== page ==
The loaded situation in writer-director Neil LaBute’s “love story” allows for a kind of velvet glove to reach inside one’s heart, and then swirls around the intestines for a while before making its withdrawal. This leaves us, well, touched — but in a way that’s far from sentimental. Ed Harris stars in this monologue, set in a Northern Illinois funeral home. His wife’s casket — her photo perched on its lid — forms the centerpiece of Sibyl Wickersheimer’s set. Cricket S. Meyers’ sound design offers the whispers and echoes of voices in an anteroom, where our bereaved widower, Ed Carr (Harris), ostensibly floats — that would be his public self. But that’s not what we’re seeing. He refers to himself being “back there” with “them” while he speaks to us through the mirror of his subconscious. What we get is his real eulogy, with the secrets he won’t tell them, because he’s a private person, he insists. (He won’t tell us some secrets, such as his wife’s final four words, either.) He has a blazingly clear reason to be so private, which is the melodramatic revelation near play’s end, which forces us to confront the definition of love, and how that definition rubs up against social propriety. I didn’t buy that revelation, not within the colloquial, ruminative and realistic confines of LaBute’s direction. But that’s a small matter. The big matter is the gorgeous combination of LaBute’s digressive and piercingly insightful love letter with Harris’ tender-furious childlike and ultimately profound interpretation. Ed Carr is a bit like a chain-smoking Dostoyevskian narrator, who, while drifting onto free-associated topics and bilious commentary (on anti-smoking campaigns, for example), he is, finally, on message. And his message about the essence of love is upsetting and unimpeachable in the same breath. Geffen Playhouse, 10886 Le Conte Ave., Wstwd.; Tues.-Fri., 8 p.m.; Sat, 3 & 8 p.m.; Sun., 2 p.m.; thru March 7. (310) 208-5454.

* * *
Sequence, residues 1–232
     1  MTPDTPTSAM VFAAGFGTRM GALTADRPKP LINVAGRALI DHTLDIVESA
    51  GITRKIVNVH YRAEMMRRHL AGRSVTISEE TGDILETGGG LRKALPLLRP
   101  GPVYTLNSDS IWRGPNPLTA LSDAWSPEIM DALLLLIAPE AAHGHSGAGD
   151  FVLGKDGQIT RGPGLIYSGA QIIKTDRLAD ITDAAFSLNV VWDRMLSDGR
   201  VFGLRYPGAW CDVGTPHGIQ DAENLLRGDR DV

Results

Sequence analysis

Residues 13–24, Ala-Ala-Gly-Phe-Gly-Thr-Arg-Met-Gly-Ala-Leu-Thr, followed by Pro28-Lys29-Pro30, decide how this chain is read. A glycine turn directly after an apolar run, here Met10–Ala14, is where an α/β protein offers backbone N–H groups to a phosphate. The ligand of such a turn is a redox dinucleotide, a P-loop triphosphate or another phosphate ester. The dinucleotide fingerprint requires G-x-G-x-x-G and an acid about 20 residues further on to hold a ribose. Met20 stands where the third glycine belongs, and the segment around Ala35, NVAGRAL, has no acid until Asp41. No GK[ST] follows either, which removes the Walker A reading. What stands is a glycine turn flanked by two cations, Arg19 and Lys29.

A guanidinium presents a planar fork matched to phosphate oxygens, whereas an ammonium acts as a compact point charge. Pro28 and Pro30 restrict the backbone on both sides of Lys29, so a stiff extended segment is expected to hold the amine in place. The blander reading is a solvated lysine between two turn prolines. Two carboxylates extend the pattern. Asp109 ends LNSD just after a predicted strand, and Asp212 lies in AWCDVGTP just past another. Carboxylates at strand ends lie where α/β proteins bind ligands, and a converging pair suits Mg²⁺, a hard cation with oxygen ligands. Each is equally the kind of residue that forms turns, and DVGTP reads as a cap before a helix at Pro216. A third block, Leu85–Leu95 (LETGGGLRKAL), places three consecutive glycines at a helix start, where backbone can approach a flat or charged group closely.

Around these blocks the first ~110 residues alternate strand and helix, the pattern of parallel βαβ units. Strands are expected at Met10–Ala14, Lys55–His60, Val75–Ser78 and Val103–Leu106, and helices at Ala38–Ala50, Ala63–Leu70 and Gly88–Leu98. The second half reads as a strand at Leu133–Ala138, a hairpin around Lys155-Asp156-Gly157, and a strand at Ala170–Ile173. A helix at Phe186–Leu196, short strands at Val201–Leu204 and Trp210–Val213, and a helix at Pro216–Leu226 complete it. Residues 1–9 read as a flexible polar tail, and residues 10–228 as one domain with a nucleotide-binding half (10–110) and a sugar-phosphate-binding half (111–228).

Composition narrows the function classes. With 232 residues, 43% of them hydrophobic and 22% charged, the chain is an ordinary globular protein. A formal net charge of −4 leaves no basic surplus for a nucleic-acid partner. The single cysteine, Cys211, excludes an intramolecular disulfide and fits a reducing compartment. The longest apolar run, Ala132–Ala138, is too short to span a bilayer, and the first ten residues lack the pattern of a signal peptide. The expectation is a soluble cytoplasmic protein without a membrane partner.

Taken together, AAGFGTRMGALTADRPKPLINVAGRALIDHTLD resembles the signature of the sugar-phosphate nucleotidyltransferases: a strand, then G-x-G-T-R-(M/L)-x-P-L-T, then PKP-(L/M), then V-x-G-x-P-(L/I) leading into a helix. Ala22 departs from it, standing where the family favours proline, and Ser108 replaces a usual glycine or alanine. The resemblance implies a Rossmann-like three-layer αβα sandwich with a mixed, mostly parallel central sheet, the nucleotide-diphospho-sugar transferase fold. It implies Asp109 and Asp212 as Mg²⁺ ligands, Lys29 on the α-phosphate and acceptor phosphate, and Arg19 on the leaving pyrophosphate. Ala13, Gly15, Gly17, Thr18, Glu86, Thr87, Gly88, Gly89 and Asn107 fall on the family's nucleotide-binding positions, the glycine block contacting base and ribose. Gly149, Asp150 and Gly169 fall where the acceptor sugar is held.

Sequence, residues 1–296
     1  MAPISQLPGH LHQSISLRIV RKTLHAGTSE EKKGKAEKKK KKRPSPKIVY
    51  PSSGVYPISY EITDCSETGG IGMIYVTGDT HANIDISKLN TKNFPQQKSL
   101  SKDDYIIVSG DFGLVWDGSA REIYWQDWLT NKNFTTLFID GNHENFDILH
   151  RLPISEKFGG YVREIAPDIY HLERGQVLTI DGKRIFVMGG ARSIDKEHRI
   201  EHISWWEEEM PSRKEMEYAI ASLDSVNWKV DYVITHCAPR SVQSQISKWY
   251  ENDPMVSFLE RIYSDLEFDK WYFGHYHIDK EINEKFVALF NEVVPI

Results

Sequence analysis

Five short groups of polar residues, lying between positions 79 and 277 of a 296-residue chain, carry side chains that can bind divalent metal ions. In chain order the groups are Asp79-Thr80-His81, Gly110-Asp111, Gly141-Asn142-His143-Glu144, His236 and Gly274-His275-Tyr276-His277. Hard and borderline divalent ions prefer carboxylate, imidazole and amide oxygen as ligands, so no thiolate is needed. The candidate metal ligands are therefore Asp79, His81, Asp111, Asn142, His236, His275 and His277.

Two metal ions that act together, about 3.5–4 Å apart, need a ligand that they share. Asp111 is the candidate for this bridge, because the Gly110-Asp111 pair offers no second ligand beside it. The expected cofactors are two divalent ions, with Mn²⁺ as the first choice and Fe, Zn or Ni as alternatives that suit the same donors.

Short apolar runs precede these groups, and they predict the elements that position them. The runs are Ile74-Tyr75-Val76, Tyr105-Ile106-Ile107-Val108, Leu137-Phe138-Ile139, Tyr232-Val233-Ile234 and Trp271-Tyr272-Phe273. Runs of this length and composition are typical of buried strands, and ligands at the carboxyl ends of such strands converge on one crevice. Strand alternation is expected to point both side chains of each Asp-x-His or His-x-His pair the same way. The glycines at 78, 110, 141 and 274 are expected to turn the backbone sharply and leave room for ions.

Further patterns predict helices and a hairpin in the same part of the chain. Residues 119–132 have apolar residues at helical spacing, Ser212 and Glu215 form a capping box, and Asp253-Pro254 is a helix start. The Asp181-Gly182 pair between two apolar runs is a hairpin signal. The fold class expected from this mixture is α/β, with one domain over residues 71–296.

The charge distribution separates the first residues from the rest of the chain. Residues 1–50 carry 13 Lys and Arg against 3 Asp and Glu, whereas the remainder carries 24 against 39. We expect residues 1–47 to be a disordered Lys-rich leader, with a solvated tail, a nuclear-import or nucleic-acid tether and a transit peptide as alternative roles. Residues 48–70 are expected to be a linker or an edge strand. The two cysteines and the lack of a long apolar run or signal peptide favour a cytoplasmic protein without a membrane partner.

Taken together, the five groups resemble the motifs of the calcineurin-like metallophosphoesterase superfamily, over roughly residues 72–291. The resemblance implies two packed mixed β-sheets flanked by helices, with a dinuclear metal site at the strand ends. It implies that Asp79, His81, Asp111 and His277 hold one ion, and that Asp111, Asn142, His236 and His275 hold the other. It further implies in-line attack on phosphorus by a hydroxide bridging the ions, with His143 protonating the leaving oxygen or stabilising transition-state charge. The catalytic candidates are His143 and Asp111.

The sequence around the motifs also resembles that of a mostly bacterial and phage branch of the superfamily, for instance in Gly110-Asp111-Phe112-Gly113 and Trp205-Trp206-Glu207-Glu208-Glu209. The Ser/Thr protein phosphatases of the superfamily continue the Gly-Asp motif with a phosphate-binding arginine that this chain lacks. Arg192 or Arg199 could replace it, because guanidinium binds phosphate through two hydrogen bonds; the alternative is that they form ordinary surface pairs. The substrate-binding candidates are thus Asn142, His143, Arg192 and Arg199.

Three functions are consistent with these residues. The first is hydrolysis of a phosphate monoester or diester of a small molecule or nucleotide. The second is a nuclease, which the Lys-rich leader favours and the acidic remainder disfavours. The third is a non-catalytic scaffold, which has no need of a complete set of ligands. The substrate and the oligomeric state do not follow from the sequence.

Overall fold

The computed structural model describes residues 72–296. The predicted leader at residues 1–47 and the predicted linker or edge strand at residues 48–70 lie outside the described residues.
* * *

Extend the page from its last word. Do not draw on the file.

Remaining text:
Sundays, 2 p.m.; Tuesdays-Fridays, 8 p.m.; Saturdays, 3 & 8 p.m. Starts: Feb. 7. Continues through March 7, 2010

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